Joined: 15 May 2010
Location: South Lanarkshire
|Posted: Sat Jun 28, 2014 8:48 pm Post subject: HMS SHEARWATER..2 young seamen
The memorial is situated on the road out of Millport, Cumbrae.
The wording is almost impossible to read so this transpript tells the story.
HMS Shearwater, 1844; memorial to two young seamen
In the summer of 1844 Shearwater under the command of Commander Charles Gepp Robinson was surveying the west coast of Scotland. By mid May they had reached Largs Bay and on the afternoon of Friday 17th was at anchor.
Two young midshipman friends from the Shearwater, Charles Cayley and William Jewell, borrowed a small sailing boat to amuse themselves. They were out near the north end of Cumbrae when a strong north-east wind caught them and drove their boat bow-first under the waves taking the boys with it.
This was observed by the crew of another Government steamer in the bay called Vulcan which, having its steam up, went to the rescue. Unfortunately all they could recover were the boys' caps. There was a thorough search for their bodies but they could not be found.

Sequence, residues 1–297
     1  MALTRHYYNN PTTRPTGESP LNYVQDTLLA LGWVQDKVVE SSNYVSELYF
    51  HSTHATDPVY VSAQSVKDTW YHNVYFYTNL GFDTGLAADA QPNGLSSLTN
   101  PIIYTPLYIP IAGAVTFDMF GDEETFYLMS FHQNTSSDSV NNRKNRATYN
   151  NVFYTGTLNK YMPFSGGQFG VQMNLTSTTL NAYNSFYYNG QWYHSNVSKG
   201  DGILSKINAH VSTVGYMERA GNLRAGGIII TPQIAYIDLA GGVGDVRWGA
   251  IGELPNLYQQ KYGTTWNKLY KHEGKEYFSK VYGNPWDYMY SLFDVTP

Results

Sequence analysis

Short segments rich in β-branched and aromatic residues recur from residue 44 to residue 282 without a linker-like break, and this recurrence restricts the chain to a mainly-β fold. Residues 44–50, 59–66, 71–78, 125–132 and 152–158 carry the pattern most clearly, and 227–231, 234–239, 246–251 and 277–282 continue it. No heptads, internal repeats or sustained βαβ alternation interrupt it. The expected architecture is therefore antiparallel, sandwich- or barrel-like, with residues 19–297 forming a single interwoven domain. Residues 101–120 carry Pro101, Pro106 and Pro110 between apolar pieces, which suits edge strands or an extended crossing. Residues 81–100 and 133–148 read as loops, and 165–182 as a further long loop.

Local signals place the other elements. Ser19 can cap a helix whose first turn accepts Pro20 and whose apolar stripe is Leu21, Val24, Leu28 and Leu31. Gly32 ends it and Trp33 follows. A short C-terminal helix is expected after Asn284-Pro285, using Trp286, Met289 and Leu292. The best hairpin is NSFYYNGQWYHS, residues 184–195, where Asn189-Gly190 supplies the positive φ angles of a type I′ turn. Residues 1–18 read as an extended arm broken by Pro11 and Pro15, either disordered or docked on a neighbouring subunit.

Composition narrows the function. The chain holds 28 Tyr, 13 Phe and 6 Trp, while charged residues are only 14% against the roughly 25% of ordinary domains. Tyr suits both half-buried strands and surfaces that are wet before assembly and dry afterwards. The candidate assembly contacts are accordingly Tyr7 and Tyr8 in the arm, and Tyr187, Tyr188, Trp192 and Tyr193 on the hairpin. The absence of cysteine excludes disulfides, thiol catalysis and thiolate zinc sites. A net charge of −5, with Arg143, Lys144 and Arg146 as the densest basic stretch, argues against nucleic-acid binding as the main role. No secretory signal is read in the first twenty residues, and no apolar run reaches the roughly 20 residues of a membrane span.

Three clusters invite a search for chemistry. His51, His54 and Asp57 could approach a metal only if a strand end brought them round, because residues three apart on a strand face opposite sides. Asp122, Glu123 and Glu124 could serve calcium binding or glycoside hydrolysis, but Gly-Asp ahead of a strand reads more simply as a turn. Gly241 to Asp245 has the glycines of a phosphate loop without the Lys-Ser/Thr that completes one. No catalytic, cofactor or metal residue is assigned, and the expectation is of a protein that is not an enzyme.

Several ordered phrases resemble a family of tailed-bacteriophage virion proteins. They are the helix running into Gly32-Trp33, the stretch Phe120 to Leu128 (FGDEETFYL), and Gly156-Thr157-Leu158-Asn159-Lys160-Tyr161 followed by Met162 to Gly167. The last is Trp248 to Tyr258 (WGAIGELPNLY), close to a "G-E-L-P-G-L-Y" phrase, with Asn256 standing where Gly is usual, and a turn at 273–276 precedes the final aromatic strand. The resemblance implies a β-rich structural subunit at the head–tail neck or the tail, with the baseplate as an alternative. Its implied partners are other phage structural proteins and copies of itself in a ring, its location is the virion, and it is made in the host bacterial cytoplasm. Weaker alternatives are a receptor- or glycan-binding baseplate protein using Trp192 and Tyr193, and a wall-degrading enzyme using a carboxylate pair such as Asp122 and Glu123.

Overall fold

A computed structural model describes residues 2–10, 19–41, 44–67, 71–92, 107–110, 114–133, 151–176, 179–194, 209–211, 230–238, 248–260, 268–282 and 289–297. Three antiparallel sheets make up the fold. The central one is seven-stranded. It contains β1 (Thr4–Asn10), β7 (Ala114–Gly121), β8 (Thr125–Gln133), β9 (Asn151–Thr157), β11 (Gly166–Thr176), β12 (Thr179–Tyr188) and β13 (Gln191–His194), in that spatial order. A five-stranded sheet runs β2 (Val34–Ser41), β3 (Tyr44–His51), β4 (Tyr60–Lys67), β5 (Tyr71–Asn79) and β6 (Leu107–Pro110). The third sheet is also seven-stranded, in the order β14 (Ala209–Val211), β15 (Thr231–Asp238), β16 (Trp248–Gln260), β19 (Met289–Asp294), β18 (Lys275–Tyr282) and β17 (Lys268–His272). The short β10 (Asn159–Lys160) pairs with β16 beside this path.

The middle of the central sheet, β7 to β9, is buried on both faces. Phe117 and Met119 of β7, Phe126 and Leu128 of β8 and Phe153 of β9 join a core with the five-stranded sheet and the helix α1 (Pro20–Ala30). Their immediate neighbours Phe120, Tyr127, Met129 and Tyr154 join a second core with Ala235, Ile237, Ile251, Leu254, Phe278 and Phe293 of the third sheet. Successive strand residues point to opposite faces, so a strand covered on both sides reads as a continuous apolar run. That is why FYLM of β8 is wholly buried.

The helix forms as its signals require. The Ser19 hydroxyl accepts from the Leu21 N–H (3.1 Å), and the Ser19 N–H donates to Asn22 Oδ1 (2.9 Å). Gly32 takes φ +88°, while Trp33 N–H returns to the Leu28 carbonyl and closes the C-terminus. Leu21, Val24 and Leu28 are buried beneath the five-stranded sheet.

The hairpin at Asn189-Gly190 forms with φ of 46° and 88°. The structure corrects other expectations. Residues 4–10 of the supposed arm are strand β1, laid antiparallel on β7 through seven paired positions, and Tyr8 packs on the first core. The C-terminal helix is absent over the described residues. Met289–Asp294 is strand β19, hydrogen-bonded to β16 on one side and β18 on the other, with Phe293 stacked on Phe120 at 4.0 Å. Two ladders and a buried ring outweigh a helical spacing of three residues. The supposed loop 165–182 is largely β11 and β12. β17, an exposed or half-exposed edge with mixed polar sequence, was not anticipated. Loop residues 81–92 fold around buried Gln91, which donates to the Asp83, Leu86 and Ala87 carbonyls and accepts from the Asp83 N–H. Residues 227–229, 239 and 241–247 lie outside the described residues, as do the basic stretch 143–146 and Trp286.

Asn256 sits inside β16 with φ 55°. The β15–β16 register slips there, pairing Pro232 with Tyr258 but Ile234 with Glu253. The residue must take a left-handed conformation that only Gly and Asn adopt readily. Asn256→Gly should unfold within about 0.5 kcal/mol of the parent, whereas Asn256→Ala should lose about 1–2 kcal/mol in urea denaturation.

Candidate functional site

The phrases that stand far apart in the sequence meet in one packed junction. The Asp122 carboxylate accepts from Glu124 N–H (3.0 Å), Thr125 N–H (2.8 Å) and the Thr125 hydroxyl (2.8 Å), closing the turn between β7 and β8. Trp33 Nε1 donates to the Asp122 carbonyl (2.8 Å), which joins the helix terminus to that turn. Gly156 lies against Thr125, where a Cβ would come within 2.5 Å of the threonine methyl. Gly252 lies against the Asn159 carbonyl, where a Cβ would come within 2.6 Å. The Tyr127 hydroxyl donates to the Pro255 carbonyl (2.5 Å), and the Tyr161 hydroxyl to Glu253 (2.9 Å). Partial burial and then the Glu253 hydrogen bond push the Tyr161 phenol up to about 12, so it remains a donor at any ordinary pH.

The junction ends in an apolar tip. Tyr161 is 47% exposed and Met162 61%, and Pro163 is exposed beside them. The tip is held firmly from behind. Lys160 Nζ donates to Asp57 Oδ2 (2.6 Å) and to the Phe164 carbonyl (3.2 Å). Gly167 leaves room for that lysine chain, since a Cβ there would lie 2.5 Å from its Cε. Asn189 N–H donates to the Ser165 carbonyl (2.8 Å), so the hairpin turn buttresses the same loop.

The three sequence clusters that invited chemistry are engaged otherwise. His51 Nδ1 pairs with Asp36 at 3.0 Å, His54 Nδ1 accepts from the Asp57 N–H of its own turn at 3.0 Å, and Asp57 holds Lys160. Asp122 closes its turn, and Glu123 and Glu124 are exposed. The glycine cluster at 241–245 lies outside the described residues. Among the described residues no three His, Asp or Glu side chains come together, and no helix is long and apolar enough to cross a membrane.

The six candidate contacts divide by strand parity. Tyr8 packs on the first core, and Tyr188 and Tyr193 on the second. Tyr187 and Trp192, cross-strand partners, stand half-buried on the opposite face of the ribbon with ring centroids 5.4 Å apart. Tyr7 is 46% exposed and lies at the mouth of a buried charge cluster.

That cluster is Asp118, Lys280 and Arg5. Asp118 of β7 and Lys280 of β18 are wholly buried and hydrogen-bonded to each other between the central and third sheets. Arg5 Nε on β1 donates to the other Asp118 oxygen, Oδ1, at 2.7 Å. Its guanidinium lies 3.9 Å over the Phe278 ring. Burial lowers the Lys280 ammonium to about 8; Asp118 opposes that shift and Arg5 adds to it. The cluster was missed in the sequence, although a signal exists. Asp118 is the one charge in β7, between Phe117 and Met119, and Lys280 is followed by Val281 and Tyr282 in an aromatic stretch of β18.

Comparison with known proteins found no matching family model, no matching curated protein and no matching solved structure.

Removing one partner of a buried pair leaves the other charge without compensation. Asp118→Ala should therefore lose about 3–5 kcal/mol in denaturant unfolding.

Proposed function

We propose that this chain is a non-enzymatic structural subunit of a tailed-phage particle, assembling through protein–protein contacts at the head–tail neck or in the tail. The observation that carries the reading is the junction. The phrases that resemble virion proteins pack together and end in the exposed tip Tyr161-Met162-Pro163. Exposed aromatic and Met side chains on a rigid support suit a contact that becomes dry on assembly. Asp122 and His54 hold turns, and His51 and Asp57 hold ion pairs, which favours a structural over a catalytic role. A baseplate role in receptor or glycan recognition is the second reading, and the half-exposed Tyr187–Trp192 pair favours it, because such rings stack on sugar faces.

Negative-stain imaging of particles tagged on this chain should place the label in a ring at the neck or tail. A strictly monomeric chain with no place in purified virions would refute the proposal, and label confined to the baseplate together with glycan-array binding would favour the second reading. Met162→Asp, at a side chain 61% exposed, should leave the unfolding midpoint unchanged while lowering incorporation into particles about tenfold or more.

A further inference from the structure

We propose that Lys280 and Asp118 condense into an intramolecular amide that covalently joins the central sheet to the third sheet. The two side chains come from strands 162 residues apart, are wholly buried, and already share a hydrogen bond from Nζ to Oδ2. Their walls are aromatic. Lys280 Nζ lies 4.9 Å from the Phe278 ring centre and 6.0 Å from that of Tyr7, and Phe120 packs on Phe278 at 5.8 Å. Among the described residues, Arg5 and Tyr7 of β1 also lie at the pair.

Later Commander Robinson and his crew erected a sandstone obelisk at Tomont End in memory of Charles and William. Inscribed on it is -
IN MEMORY OF
MR. CHARLES D. CAYLEY
AGED 17 YEARS
MR. WILLIAM N. JEWELL
AGED 19 YEARS
TWO PROMISING YOUNG
OFFICERS DROWNED BY
THE UPSETTING OF THEIR
BOAT NEAR THIS PLACE
17TH MAY 1844
THIS MONUMENT IS
IN TOKEN OF THEIR WORTH
OF THE ABOVE VESSEL
H M S Shearwater was a wooden paddle steamer Royal Navy surveying ship with a displacement of 328 tons. She was constructed in Harwich in 1827 and launched as a Post Office Steam Packet called Dolphin. In 1837 she was acquired by the Royal Navy and commissioned in 1840 at Liverpool as Shearwater. After surveying the coasts of Wales and Scotland she was sold off in 1857.